440 Polaris Parkway,
March 2017 Monthly Summary
The month of March was dominated by two main events, the failure of the healthcare bill and the raising of interest rates by the US Federal Reserve. Neither of these events were able to have a significant impact, though, on US equity or bond markets, as the respective benchmarks finished predominately unchanged. Last year’s post-election outperformers (small caps, financials, materials, energy) continue to give up ground versus post-election underperformers (international stocks, technology, health care) as optimism and euphoria regarding the new administration fade and reality sets in that campaign promises and results can be very different.
The jury is still out as to whether the new administration can fulfill their campaign objectives. The failure of the healthcare bill was a big blow to the Trump team because it has for the first time, began to make investors question how effective Trump will be in delivering on many lofty objectives, which the markets were expecting to happen given the Republican control of Congress. The new administration is now expected to change their focus to tax reform, which will be no easy task. House Speaker, Paul Ryan, reiterated this following the healthcare bill defeat, warning the failure of the bill “does make tax reform more difficult”.
The second big event of the month was the raising of interest rates by the US Federal Reserve. They raised their target rate by 0.25% to a range of 0.75% - 1.0%. The rate increase is the second increase in the past 3 months, last raising them in December 2016. Much of the incredible appreciation of the US stock market since the lows in 2009 have been on the back of historically low interest rates, so increasing rates for a second time in the past 3 months could be the beginning of a significant shift. This shift had the markets worried going into the Fed’s meeting, but some of those fears were calmed when the Fed adopted a softer stance regarding future rate hikes. Fed Chairwoman, Janet Yellen, introduced the idea that they would be willing to tolerate inflation temporarily overshooting its 2% goal. Bond and stock markets react positively given this softer outlook for future rate hikes.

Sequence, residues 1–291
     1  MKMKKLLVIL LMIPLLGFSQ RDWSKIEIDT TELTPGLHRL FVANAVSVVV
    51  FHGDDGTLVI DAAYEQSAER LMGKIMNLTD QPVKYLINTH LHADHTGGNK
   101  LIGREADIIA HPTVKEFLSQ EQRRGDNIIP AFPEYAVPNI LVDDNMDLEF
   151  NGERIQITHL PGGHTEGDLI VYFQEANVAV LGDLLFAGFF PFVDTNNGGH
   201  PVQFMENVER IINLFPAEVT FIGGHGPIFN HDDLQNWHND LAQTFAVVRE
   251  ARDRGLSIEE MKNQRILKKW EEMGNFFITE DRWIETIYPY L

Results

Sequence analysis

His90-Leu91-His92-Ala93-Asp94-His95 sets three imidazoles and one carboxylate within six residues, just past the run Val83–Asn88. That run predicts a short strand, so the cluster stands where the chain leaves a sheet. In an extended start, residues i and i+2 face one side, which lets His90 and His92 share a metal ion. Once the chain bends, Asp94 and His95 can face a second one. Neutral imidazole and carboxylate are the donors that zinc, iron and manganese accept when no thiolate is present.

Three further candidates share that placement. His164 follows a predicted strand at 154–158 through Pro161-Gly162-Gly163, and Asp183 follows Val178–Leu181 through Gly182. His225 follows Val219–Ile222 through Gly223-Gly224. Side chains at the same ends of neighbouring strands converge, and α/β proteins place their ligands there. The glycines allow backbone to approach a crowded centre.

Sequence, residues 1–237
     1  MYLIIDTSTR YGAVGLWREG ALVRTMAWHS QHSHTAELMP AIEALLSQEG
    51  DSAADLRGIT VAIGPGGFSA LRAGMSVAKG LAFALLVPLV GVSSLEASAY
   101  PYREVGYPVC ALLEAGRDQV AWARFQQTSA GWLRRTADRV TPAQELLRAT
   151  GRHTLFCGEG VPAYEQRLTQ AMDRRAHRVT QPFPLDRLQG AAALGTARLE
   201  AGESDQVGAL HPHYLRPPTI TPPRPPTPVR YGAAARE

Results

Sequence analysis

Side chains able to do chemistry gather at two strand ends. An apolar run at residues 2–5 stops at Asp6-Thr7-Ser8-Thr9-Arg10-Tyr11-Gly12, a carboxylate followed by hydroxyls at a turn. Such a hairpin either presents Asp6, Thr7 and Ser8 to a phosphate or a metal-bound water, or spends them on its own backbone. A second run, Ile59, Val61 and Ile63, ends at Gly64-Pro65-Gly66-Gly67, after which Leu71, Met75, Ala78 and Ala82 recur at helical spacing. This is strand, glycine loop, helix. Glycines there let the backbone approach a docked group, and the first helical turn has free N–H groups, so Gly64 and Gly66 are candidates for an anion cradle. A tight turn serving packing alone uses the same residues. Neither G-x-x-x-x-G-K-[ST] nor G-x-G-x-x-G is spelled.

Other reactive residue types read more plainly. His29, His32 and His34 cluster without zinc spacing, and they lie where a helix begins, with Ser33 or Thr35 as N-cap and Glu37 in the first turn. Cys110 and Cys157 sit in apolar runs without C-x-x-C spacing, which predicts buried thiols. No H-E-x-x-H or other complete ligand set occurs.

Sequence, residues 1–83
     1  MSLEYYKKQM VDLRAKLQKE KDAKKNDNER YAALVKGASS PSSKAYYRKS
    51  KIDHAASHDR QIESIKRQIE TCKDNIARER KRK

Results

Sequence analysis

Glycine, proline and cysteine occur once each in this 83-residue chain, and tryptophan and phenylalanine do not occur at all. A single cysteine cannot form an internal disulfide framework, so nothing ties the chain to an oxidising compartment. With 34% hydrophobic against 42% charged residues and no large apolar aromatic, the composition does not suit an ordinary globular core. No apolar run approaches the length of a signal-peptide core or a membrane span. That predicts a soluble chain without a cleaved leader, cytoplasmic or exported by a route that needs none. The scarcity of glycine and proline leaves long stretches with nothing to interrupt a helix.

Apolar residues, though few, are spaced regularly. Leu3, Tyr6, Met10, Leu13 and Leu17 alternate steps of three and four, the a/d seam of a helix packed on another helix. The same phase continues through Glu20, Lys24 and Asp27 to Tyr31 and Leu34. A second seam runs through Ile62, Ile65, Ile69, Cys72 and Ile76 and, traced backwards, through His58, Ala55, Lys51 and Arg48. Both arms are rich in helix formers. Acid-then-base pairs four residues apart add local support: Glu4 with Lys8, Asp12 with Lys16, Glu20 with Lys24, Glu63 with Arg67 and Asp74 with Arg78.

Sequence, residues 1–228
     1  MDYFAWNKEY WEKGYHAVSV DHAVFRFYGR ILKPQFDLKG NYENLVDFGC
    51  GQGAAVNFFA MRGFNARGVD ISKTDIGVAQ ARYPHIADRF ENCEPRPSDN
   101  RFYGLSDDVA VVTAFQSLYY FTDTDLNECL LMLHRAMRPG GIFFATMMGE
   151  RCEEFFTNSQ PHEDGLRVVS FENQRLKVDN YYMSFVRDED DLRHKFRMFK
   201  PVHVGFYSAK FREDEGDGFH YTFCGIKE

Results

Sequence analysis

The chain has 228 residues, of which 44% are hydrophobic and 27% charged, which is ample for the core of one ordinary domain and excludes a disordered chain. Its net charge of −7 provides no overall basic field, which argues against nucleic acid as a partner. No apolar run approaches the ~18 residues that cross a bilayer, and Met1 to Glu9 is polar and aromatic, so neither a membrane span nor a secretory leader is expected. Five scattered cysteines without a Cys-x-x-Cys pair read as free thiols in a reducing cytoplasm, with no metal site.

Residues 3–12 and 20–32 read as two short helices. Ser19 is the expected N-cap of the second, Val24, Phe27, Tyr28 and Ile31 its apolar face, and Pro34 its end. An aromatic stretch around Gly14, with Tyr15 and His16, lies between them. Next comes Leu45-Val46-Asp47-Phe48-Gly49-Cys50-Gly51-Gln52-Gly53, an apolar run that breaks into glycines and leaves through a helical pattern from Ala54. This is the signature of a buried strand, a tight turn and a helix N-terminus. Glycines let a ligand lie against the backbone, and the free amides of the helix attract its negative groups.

Overall global growth continues to gain traction. It began in the middle of 2016 and has gained further strength following the US elections in November. Forward looking surveys and leading indicators remain red-hot (see chart below) and equity markets have responded positively. This has propelled some widely-used valuation metrics into very risky levels, but markets have predominately ignored them to date. Valuation metrics are not a good timing tool but that does not mean they should be completely ignored. We believe they are best used in conjunction with more timely readings on market and economic conditions. Our more-timely readings are compiled in our Equity Market Risk Odometer, which are currently bullish and looking for continued strength ahead. At some point, valuation will matter, but when that time comes is very difficult to predict. Our Equity Market Risk Odometer provides us a disciplined and objective framework for monitoring these conditions in a consistent fashion. For more information, visit our website at www.FCWealthSolutions.com or email us at info@FCWealthSolutions.com.